Vicious thug, 30, with 12-year history of violence against women used plug and flex to publicly FLOG his pregnant girlfriend – but is spared jail and sent on a ‘better relationships’ course
- Joshua Hibbert, 30, assaulted his partner during ‘vicious campaign of violence’
- Jennifer Molyneux suffered an imprint from the force of the plug hitting her
- Hibbert was seen dragging Miss Molyneux by her hair and punching her head
- He was ordered to complete a Government course for domestic abuse offenders
- Prosecutor says Miss Molyneux has been classified a missing person by police
A thug who publicly beat his pregnant girlfriend in the street and flogged her with an electric plug and lead has been sent on a Government programme to help him build ‘better relationships’.
Joshua Hibbert, 30, whipped Jennifer Molyneux during a vicious campaign of violence in which she suffered imprint marks to her leg from the force of the three pronged plug hitting her and was also flogged over her back with the wire.
Hibbert was also seen, on separate occasions, pulling and dragging Miss Molyneux by her hair, punching her head and shouting at her, a court heard.
Miss Molyneux later gave birth to Hibbert’s baby and said the actions of her ex partner made her ‘feel rubbish all the time’.
Prosecutors said Miss Molyneux has been ‘classified as a missing person by police’ and described her as being ‘particularly vulnerable due to her personal circumstances’.
Joshua Hibbert beat his pregnant girlfriend in the street and flogged her with an electric plug during a vicious campaign of violence. At Minshull Street Crown Court he was given a suspended jail sentence and ordered to complete a Government programme for domestic abuse offenders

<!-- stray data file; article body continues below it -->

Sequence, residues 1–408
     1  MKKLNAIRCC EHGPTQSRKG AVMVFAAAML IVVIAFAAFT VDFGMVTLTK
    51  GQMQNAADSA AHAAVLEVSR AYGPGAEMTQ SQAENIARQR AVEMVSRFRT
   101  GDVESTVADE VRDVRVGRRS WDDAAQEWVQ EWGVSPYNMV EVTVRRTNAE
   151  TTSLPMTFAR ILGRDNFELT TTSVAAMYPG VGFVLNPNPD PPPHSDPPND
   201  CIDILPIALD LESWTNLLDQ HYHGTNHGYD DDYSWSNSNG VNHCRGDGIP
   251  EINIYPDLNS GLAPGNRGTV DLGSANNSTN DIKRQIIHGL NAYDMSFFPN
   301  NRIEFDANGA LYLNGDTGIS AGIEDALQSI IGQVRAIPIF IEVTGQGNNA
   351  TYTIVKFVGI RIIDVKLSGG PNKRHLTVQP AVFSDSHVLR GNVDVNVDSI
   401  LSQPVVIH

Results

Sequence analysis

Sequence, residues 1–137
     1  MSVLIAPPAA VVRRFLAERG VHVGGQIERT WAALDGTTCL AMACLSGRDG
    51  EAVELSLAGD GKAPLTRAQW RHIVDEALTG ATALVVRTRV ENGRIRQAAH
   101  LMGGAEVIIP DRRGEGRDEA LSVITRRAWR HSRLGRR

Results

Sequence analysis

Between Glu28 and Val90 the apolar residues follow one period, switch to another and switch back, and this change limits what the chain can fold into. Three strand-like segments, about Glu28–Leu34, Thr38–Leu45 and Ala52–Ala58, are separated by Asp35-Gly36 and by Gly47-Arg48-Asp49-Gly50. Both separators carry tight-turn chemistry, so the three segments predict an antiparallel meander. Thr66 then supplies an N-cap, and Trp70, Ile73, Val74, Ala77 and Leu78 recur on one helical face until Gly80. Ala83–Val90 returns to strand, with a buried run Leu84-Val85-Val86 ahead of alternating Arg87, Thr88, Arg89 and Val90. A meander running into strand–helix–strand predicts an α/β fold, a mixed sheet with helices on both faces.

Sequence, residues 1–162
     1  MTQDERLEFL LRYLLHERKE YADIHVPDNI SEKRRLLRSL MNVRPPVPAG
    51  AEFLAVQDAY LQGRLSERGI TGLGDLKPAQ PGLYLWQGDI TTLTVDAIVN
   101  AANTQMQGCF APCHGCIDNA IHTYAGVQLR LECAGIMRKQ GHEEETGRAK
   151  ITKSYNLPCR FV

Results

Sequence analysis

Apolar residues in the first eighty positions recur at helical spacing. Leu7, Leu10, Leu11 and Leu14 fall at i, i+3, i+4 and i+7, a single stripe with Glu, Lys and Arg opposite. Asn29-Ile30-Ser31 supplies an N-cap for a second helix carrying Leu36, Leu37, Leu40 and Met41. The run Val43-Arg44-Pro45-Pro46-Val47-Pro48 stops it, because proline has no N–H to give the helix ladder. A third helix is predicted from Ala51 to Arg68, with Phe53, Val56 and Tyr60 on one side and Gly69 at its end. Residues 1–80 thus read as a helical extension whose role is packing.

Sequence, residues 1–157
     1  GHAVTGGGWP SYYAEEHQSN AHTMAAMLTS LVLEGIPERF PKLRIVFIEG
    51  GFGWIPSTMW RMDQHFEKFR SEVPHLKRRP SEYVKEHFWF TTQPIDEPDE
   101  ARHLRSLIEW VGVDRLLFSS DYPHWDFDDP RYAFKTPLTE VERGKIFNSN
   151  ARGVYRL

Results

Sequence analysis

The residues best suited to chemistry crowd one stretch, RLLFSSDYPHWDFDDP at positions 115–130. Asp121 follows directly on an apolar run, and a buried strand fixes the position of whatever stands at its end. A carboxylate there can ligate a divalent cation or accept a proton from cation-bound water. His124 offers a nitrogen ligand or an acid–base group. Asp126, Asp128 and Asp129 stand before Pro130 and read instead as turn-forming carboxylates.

Hibbert, also of Droylsden, had a previous 12-year history of violence towards an ex-partner and loved ones and was said to have ‘issues with power and control’.
But at Minshull Street Crown Court, Manchester, he was given 27 weeks jail suspended for two years after his lawyer said he had already been behind bars for nine months whilst awaiting trial and needed ‘intervention’ to deal with his violent temper tantrums.
He will have to complete the Building Better Relationships course for domestic abuse offenders.
The court heard the couple had begun dating in May 2020.
The court heard Hibbert was also seen pulling and dragging Miss Molyneux by her hair, punching her in the head and shouting at her
Adam White prosecuting said: ‘She initially described the relationship as being a good one. There were arguments occasionally but sometimes, he became violent with her and it’s some time after she falls pregnant that the relationship changes quite significantly.
‘She reported the defendant routinely shouting at her. She says he set out to argue with her, often using objects as well as his fists to inflict violence. The complainant struggles to remember due to the frequency of the incidents when the first occurred. Some of those matters would be reported to the police at times. The picture she paints is of recurring violence and an abusive relationship.’
Mr White said in September last year, Hibbert was seen pulling and dragging Miss Molyneux by her hair.